The skyline of Tulsa, Oklahoma. Photo: Donald Carr / Shutterstock

By Aria Bendix
1 September 2018

(Business Insider) – 2017 was a record year for natural disasters in the US, with 16 severe weather events causing at least $306 billion in damages. While 2018 portends to be less destructive, it has already seen its fair share of catastrophe: As of July 9, six storms have each generated at least $1 billion in losses.

To figure out what areas are least vulnerable to natural disaster in the future, we asked 11 climatologists where they would consider living to avoid climate change. All were quick to note that no area is entirely safe, but a few cities could be less vulnerable than most.

Scientists are still working to define the relationship between climate change and natural disasters. In the last ten to 15 years, they have found evidence of the mounting influence of climate change on major events like heat waves, droughts, and heavy rains.

In fact, climate change may already be impacting where Americans choose to move. A recent study found that American homes that are vulnerable to rising sea levels sell for around 7% less than similar unexposed properties — even though the damage could be decades away.

The following cities were recommended by climatologists as some of the least vulnerable to disaster.

Tulsa, Oklahoma

Cities that are not currently in danger of flooding from sea level rise will be safe in the future, while places like Miami could see their flooding intensify, said Richard Alley, a climate science professor at Pennsylvania State University. Beyond that, Alley said, it's difficult to predict what may happen.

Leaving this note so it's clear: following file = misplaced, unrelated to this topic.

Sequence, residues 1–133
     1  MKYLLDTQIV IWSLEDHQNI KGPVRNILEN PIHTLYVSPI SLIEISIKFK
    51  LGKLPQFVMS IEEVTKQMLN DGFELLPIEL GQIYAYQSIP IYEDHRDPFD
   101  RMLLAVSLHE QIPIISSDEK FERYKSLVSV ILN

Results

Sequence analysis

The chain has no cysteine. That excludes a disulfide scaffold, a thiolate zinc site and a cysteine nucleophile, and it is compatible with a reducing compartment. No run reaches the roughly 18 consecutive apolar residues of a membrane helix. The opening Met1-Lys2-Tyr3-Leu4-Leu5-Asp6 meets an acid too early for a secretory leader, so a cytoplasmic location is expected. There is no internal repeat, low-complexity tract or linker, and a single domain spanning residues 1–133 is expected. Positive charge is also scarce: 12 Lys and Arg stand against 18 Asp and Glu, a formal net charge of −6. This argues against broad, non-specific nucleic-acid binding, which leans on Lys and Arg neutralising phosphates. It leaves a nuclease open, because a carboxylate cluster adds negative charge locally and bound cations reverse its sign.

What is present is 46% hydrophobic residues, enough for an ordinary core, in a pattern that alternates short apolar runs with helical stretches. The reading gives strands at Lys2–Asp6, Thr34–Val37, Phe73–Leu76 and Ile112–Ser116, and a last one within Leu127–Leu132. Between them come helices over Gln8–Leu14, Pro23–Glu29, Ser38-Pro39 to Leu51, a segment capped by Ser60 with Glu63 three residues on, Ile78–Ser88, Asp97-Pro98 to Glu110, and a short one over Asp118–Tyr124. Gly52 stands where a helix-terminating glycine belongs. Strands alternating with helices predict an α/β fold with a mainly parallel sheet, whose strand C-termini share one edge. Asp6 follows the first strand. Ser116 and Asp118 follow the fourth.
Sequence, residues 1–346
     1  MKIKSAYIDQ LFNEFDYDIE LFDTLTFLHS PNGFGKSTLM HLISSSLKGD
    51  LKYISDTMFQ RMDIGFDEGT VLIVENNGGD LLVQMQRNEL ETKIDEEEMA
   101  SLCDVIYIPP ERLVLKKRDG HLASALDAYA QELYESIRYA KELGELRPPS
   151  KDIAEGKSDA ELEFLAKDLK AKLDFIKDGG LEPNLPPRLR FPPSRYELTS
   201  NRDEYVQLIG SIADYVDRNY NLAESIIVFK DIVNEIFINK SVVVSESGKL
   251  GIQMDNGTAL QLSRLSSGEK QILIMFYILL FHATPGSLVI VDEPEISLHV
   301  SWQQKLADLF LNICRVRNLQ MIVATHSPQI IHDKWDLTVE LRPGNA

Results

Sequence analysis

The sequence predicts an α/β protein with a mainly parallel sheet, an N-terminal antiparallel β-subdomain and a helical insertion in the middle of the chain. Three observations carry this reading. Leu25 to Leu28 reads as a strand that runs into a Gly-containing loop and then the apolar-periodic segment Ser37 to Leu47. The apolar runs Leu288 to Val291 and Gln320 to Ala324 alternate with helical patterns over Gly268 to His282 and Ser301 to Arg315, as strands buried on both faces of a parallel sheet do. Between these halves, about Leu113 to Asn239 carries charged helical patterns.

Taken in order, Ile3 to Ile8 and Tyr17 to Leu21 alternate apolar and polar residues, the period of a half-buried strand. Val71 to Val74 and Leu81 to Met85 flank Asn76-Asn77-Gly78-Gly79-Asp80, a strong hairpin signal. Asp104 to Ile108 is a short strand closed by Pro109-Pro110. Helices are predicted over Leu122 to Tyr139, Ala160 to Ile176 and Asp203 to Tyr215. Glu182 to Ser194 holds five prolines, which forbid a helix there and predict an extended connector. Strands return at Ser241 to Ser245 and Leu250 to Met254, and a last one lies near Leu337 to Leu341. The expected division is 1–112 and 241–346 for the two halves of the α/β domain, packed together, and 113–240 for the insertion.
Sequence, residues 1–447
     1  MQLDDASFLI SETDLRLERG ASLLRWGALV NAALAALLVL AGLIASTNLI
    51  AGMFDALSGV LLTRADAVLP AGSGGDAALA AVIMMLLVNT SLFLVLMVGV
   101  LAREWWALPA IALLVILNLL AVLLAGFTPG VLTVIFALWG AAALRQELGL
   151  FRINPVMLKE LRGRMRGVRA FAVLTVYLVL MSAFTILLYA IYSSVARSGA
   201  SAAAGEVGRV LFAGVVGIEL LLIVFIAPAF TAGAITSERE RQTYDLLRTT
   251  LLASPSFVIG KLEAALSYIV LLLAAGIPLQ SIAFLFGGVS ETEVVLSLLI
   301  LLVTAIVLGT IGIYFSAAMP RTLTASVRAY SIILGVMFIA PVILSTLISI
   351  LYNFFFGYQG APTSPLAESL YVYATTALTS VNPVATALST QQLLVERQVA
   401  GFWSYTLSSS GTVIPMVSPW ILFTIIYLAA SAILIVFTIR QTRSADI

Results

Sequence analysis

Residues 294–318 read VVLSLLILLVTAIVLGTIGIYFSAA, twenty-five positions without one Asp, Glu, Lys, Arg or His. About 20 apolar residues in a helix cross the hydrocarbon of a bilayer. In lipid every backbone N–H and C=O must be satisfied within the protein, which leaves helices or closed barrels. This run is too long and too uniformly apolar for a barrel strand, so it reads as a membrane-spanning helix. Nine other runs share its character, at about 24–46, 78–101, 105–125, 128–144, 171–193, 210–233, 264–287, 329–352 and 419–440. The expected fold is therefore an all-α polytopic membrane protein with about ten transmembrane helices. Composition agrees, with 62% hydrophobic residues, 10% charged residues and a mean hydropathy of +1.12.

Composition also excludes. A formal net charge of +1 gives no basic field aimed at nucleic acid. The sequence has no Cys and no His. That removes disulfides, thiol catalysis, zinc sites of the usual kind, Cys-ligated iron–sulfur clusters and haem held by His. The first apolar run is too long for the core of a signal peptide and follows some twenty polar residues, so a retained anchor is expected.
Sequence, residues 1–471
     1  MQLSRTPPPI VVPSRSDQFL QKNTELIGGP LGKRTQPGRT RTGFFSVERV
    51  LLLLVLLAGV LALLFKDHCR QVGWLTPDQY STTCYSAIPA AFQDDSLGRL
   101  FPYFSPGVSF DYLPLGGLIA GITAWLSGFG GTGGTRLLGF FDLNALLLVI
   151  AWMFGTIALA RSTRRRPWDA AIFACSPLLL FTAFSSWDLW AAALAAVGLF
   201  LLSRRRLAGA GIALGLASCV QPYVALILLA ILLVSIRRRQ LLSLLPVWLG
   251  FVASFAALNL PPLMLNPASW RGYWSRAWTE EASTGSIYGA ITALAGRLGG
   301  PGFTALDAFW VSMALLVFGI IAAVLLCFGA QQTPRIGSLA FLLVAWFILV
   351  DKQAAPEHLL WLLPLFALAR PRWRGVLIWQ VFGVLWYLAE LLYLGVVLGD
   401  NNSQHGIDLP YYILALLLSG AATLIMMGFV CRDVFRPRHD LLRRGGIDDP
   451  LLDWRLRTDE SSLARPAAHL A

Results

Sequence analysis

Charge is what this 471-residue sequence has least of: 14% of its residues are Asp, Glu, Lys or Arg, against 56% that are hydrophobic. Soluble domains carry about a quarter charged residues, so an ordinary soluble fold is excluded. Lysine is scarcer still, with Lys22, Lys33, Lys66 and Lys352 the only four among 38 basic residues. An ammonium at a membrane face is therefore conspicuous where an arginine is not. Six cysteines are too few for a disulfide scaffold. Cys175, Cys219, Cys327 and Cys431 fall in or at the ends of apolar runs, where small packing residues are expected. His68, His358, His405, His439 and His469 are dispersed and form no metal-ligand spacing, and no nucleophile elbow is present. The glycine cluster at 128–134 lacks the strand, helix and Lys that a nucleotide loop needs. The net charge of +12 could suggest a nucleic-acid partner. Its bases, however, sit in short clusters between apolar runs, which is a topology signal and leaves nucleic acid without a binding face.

One city he does regard as safe from sea level rise is Tulsa, Oklahoma. At worst, he said, the global sea level could increase by 4 to 5 meters in the next 100 years if the West Antarctic Ice Sheet collapses rapidly. Even in this scenario, Tulsa is likely to remain standing.

In addition to its locational advantage, Tulsa has gone to great lengths to protect itself from major flooding. Following a devastating storm in 1984, the city installed a number of detention ponds, which retain water in the wake of a storm, and paid to either transport or destroy around 1,000 homes that had been damaged. As a result, its flood insurance rates went from the highest in the nation to among the lowest. [more]

We asked 11 climate scientists where they'd live in the US to avoid future natural disasters — here’s what they said



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